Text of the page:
The Equal Employment Opportunity Commission’s Continued Scrutiny of Staffing Relationships
Since its first Strategic Enforcement Plan, published in 2013, the U.S. Equal Employment Opportunity Commission has targeted the staffing industry for heightened enforcement of federal equal employment opportunity laws. Indeed, during the EEOC’s 2022 fiscal year, it filed at least 10 lawsuits against staffing companies and/or their clients, and reached significant settlements in several earlier filed cases involving staffing companies. In early 2023, the EEOC issued a proposed new SEP that would remain in effect through 2027. Once again, the EEOC has targeted staffing and other temporary work arrangements for enhanced enforcement activity, though with some new twists. It is widely expected that EEOC will increase enforcement activity in the coming year and beyond.
In this webinar, staffing companies will learn what the EEOC’s current driving initiatives include and how to avoid enforcement activity by updating their practices to ensure compliance. Join staffing expert and legal counsel Andrew L. Scroggins to learn how to safeguard your company and set a strategy for responding to these changes.
During the webinar, attendees will learn
- What EEOC’s enforcement priorities are and how those priorities affect the staffing industry
- Which types of enforcement activity the EEOC has taken against the staffing industry in the recent past, how that has affected companies providing staffing services and their clients, and behaviors staffing agencies should avoid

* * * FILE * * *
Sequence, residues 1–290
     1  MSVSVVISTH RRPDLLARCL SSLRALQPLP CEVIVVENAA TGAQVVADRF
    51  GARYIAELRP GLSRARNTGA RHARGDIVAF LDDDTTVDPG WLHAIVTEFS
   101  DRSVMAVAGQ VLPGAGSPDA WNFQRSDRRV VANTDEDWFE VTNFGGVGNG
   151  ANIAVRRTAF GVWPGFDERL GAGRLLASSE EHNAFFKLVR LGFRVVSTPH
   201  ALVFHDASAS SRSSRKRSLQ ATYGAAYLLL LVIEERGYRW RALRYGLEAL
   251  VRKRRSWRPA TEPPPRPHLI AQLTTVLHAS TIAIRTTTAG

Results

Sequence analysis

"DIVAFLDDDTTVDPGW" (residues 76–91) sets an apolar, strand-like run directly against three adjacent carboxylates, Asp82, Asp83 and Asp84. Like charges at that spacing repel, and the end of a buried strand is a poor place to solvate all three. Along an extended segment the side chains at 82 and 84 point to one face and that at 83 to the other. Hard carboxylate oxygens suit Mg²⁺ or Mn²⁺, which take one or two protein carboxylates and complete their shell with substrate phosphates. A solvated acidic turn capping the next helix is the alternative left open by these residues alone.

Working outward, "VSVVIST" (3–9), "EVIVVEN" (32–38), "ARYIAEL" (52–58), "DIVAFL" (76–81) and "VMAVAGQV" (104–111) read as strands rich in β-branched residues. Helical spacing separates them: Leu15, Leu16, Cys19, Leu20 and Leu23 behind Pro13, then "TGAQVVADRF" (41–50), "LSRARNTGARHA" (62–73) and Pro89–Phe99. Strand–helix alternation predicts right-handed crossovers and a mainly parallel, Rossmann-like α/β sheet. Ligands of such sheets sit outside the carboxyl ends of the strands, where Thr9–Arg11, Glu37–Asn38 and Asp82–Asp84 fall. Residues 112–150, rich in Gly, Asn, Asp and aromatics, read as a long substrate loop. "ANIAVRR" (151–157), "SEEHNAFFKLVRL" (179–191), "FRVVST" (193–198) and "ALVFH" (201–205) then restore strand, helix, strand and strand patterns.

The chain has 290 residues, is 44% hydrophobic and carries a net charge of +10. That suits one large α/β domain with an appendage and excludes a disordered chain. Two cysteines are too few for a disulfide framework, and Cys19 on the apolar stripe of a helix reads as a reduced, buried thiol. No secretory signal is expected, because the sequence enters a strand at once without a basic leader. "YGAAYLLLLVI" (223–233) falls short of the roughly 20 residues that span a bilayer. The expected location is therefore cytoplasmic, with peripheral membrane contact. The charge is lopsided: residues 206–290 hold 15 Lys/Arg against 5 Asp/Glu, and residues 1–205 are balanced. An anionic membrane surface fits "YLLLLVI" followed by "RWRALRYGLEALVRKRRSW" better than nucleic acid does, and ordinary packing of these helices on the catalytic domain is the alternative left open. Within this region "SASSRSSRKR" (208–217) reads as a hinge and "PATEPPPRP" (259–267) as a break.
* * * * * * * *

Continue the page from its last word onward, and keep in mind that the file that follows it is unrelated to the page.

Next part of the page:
- How changes within the EEOC, both in its makeup and its enforcement priorities, better enable it to audit staffing company practices
- How staffing firms can avoid issues that might prompt enforcement action by the EEOC
Andrew L. Scroggins
Partner, labor and employment, Seyfarth Shaw LLP
Scroggins’s practice is focused on complex class and collective action proceedings. His experience in this area includes defending against claims of age, sex, race, national origin, disability, and genetic information discrimination and retaliation under Title VII, the Age Discrimination in Employment Act, the Americans With Disabilities Act, and the Equal Pay Act, as well as alleged wage and hour and wage payment violations brought under the Fair Labor Standards Act and similar state laws. A significant portion of his practice includes matters concerning the U.S. Equal Employment Opportunity Commission, ranging from the handling of administrative charges to systemic investigations, subpoena enforcement proceedings, and pattern and practice litigation.